There are a lot of questions about COVID-19 floating around. Specifically, how can it be transmitted from one human to the next?
As water treatment experts, we wanted to answer some of the questions that pertain to COVID-19 and water transmission.
Can COVID-19 be spread through drinking water?
The COVID-19 virus has not been detected in drinking water. Conventional water treatment methods that use filtration and disinfection, such as those in most municipal drinking water systems, should remove or inactivate the virus that causes COVID-19. - From CDC
To this point, COVID-19 has not been transmitted through our public drinking water. Still, the virus can be transferred from human to human through saliva or sharing a cup of water. Make sure you use your own cups and clean them thoroughly after use.
Can the COVID-19 virus spread through pools and hot tubs?
There is no evidence that COVID-19 can be spread to humans through the use of pools and hot tubs. Proper operation, maintenance, and disinfection (e.g., with chlorine and bromine) of pools and hot tubs should remove or inactivate the virus that causes COVID-19. -from CDC
Again, there is not a lot of information out there yet but, to this point, the chemicals in pools and hot tubs should kill the virus. Make sure the pool or hot tub is properly maintained with the correct chemicals before risking exposure.
Can the COVID-19 virus spread through sewerage systems?
CDC is reviewing all data on COVID-19 transmission as information becomes available. At this time, the risk of transmission of the virus that causes COVID-19 through sewerage systems is thought to be low. Although transmission of COVID-19 through sewage may be possible, there is no evidence to date that this has occurred. This guidance will be updated as necessary as new evidence is assessed.
SARS, a similar coronavirus, has been detected in untreated sewage for up to 2 to 14 days. In the 2003 SARS outbreak, there was documented transmission associated with sewage aerosols. Data suggest that standard municipal wastewater system chlorination practices may be sufficient to inactivate coronaviruses, as long as utilities monitor free available chlorine during treatment to ensure it has not been depleted.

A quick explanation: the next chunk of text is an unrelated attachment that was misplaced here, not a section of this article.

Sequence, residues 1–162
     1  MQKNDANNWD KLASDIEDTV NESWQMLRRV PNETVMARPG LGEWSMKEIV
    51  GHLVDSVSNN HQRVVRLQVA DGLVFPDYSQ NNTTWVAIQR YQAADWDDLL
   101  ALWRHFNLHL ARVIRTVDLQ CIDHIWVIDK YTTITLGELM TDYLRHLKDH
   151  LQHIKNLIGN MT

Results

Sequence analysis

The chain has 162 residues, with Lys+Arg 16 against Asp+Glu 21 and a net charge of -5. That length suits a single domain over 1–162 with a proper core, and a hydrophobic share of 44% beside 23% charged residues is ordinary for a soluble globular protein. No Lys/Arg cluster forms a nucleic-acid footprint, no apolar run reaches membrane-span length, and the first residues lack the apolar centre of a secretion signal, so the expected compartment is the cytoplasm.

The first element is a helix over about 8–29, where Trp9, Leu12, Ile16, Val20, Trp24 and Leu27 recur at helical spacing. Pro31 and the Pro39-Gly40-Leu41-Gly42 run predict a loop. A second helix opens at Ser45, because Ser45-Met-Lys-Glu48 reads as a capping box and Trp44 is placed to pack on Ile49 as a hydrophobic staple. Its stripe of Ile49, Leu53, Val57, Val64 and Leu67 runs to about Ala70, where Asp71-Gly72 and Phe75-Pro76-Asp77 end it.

Wastewater and sewage workers should use standard practices, practice basic hygiene precautions, and wear personal protective equipment (PPE) as prescribed for current work tasks -From CDC
Should wastewater workers take extra precautions to protect themselves from the COVID-19 virus?
Wastewater treatment plant operations should ensure workers follow routine practices to prevent exposure to wastewater. These include using engineering and administrative controls, safe work practices, and PPE normally required for work tasks when handling untreated wastewater. No additional COVID-19–specific protections are recommended for employees involved in wastewater management operations, including those at wastewater treatment facilities. -From CDC
How can we protect our water supply at our home or business?
At this point, there is nothing to suggest that COVID-19 is being transmitted through the public water supply. It is critical that the point-of-use be properly cleaned regularly. This included wiping down faucets, drinking water systems, coffee mugs, etc.
To ensure that any virus or bacteria in your water is killed, you can look into UV systems for your drinking water. It has been proven that UV exposure is highly effective in killing most viruses, including COVID-19, from surfaces and water.
Above all, follow the CDC guidelines to prevent the spread of COVID-19. Wash your hands, wipe down heavily used areas, keep a safe distance from people whenever possible.